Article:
Developers are looking to new services to attract home buyers to planned communities. Aldar is aiming to sell land plots that enable individual buyers to construct homes to their own specifications within a larger site where the utilities infrastructure and landscaping are provided. In April 2019 Aldar reported its development Lea on Yas Island had sold out, generating Dh400m ($108.9m) in sales for 238 residential plots starting at Dh900,000 ($245,000).
This followed a January 2019 announcement that Aldar had sold Dh1.6bn ($435.5m) worth of residential plots on its Alreeman development near Abu Dhabi International Airport. In July 2019 the Dh1.7bn ($462.7m) Alreeman II planned community generated sales of Dh420m ($114.3m) on the day of its launch, representing 75% of the plots available in the first phase. The company reported that 20% of customers bought their plot with a 50% down payment, and that 70% of buyers had never bought property from Aldar before.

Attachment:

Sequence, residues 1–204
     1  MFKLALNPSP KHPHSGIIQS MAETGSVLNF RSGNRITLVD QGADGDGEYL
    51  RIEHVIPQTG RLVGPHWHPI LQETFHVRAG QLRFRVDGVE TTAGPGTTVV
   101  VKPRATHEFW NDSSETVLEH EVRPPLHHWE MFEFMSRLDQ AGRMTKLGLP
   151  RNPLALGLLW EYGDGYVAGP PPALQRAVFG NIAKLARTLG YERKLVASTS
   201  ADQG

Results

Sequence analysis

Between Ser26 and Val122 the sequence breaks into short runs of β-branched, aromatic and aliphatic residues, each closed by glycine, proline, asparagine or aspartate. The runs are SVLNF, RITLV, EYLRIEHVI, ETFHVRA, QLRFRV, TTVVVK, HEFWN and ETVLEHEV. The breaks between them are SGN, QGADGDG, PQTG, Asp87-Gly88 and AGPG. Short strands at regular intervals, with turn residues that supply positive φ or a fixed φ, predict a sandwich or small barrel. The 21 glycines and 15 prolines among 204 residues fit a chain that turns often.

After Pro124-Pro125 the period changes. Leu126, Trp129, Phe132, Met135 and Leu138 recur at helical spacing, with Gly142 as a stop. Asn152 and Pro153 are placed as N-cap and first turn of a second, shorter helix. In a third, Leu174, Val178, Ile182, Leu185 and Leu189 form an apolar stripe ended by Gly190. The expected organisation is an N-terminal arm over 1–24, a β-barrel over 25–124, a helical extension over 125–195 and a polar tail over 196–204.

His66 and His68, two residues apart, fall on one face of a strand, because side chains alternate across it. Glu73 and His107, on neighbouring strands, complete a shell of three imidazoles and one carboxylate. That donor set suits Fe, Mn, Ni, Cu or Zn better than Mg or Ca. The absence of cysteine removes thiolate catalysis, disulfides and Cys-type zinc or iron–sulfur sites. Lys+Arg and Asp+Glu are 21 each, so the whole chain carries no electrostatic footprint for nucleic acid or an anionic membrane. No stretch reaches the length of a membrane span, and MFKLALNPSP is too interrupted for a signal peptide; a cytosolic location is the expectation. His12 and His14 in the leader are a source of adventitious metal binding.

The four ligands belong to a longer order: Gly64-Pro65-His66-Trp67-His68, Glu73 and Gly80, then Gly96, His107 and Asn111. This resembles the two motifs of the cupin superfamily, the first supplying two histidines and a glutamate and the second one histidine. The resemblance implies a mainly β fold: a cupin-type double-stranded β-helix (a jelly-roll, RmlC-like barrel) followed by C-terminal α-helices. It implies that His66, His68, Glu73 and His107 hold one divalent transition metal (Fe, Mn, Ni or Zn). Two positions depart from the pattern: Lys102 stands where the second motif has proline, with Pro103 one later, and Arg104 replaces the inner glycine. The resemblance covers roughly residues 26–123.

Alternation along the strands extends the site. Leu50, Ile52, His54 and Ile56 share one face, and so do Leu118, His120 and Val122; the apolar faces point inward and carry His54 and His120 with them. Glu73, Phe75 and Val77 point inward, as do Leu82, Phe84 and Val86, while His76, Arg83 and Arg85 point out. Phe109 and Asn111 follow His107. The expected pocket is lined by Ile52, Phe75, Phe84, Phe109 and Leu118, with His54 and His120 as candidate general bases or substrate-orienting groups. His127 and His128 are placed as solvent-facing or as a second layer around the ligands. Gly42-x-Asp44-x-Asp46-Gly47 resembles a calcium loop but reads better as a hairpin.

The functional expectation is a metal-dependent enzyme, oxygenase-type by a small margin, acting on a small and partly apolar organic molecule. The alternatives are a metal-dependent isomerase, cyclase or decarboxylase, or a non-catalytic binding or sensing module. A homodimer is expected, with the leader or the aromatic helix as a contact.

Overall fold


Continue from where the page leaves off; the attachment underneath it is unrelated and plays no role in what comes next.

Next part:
Developers are also looking to bring people into the market through community lifestyles. In March 2019 property developer IMKAN launched sales for its first phase of Pixel, a development of seven mixed-use towers that embraces the outdoors and creates a sense of community. Pixel includes a co-working space; 480 residential units; and food and retail outlets. The project is set to be delivered in the second quarter of 2021. Similarly, IMKAN’s waterside development Al Jurf sits between Abu Dhabi and Dubai on a wooded 300-ha area. The 293 villas and plots will be built on a site that will open up onto 1.6 km of seafront, with its own marina and private beach. “This development has tens of thousands of trees, as well as an array of wildlife,” Luann Parker, director of business development for IMKAN, told OBG. “Al Jurf also has coral, turtles and other forms of marine life, giving future residents a real sense of escape from the city.”